"Anyone who boycotts the election session Speaker Berri has scheduled for September 25 is conspiring against the country," Qabalan told Kuwait's Al-Rai newspaper.
He also warned against foreign interference. "Our country has always provided an appropriate ambiance for international intelligence forces to operate and flourish, and this has always been an unhealthy sign," he said. "There are 17 foreign intelligence nets operating on Lebanese territory. It is as if international intelligence is launching a war against Lebanon." - The Daily Star

The meaning of another Lebanese murder
By Tony Badran
Commentary by
Saturday, September 22, 2007
The Syrian regime would seem to be right on program. That much was clear from the assassination of parliamentarian Antoine Ghanem on Wednesday, six days before Parliament is scheduled to meet to elect a new president. The assassination was, regrettably, predictable and carried a number of messages, both to the Lebanese and to key international players involved with Lebanon. The response by the March 14 coalition and the international community must be stern and unambiguous.
The first message was a Lebanese one. Ghanem, like many colleagues, had spent time abroad out of fear of assassination to put an end to the March 14 majority in Parliament. He had just returned to Beirut in order to participate in the September 25 election session. Killing him, therefore, was meant to dissuade March 14 from trying to unilaterally elect a new president - or to be more precise, a president not favored by Damascus.
The swiftness of the planning and execution of the hit was reminiscent of the December 2005 assassination of parliamentarian Gebran Tueni, who was killed only hours after his return to Lebanon from Paris. This suggests, according to numerous March 14 politicians, that information on the targets' arrival and whereabouts may have been supplied by sources in certain branches of the state's security forces.
Ghanem represented the Baabda-Aley district, which includes the Hizbullah stronghold of Beirut's southern suburbs. By-elections will be held to fill Ghanem's seat, as happened in the Metn and Beirut. That makes it highly probable that the seat will be filled by a candidate chosen by the alliance between Hizbullah and the Aounists, losing March 14 the seat. In fact, Aoun anticipated this scenario after the Metn by-election. When faced with his loss of support among Maronite voters, the general declared that the real show of popularity would come in Baabda-Aley, where he could rely on Hizbullah's electorate.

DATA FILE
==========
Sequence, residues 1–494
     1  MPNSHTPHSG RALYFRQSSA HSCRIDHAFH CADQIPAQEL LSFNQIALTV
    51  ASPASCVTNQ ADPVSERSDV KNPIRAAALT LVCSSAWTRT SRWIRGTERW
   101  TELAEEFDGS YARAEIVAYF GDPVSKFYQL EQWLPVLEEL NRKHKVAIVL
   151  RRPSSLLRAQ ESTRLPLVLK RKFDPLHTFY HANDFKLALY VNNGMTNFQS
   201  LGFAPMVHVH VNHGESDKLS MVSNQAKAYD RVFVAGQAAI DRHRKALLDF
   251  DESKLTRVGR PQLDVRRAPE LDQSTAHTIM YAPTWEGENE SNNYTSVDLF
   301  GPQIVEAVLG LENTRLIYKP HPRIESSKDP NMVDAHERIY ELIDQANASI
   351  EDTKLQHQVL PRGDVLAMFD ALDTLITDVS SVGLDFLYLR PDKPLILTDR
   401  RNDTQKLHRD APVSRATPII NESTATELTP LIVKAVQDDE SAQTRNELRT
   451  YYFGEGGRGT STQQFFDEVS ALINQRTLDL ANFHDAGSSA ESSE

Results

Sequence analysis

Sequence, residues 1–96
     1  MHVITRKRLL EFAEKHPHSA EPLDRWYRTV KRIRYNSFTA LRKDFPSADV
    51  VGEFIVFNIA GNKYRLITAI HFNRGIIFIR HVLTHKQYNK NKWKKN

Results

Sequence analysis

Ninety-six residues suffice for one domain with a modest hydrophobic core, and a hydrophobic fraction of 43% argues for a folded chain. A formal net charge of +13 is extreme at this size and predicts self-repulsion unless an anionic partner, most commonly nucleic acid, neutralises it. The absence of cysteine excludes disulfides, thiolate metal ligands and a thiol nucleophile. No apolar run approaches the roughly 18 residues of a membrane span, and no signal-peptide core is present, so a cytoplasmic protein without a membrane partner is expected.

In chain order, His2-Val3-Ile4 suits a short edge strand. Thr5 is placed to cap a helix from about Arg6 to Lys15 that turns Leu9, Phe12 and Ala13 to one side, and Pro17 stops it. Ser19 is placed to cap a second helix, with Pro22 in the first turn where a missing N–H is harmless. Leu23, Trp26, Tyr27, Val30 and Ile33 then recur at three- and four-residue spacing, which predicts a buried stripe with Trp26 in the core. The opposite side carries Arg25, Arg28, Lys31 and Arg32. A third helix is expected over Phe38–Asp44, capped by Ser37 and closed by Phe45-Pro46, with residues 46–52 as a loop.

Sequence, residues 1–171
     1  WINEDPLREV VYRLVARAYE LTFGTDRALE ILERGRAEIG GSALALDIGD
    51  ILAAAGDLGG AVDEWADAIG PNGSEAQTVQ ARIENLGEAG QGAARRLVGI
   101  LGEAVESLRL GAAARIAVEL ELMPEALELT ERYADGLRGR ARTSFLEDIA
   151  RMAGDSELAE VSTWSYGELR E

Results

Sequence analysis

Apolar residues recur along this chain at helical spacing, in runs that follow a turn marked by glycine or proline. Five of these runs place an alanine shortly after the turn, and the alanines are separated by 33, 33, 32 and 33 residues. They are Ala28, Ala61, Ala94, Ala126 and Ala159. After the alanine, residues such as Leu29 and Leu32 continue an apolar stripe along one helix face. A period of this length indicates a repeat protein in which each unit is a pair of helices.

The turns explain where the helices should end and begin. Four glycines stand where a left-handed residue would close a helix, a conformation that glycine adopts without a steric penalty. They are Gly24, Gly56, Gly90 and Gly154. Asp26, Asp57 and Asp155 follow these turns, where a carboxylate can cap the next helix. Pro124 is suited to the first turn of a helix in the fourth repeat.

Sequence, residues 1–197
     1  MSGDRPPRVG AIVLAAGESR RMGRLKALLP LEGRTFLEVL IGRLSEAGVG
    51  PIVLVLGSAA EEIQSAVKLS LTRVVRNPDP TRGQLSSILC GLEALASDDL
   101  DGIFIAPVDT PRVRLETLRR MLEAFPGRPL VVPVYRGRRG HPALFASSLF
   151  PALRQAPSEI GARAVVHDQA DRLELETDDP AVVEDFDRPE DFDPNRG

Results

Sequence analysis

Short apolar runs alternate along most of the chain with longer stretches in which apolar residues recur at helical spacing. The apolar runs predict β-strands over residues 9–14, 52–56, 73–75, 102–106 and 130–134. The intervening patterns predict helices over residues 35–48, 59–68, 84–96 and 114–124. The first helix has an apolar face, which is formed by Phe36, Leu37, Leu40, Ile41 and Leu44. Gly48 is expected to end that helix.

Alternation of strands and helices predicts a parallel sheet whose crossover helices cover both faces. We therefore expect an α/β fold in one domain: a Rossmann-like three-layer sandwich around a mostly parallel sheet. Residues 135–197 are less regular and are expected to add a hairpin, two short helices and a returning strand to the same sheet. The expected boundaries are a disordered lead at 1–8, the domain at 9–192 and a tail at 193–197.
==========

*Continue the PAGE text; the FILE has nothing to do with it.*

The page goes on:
Awareness of this situation led March 14 parliamentarians from that district to be especially careful. Aoun, by contesting the Metn by-election after the assassination of Pierre Gemayel and by making the statements he did about his ability to win a vacant seat in Baabda-Aley, has created the impression that he is willing to benefit from the murder of his parliamentary colleagues who are also political opponents.
The Ghanem murder was also a statement to key international players - France, the United States, Saudi Arabia, and the United Nations - that Syria had no intention of changing its behavior in Lebanon.
Recently, the French made the following misguided proposal to Syrian President Bashar Assad: Don't obstruct the Lebanese presidential elections and stay out of Lebanon's affairs, in exchange for which France would be willing to reestablish high-level political contacts with Syria. Foreign Minister Bernard Kouchner even specified what kind of "obstruction" he feared: political assassinations and bombings.
The Syrians immediately shot this idea down. The first reply came from Syrian Vice President Farouk al-Sharaa, who recently tried and failed to gain Italian and Vatican support for a Syrian-picked president. He declared that the next Lebanese president had to be a "resister and someone of 'Arab belonging'" - shorthand for a candidate of "Syrian belonging" and a supporter of Hizbullah and its agenda of armed struggle; consequently, an opponent of UN Security Council Resolutions 1559 and 1701.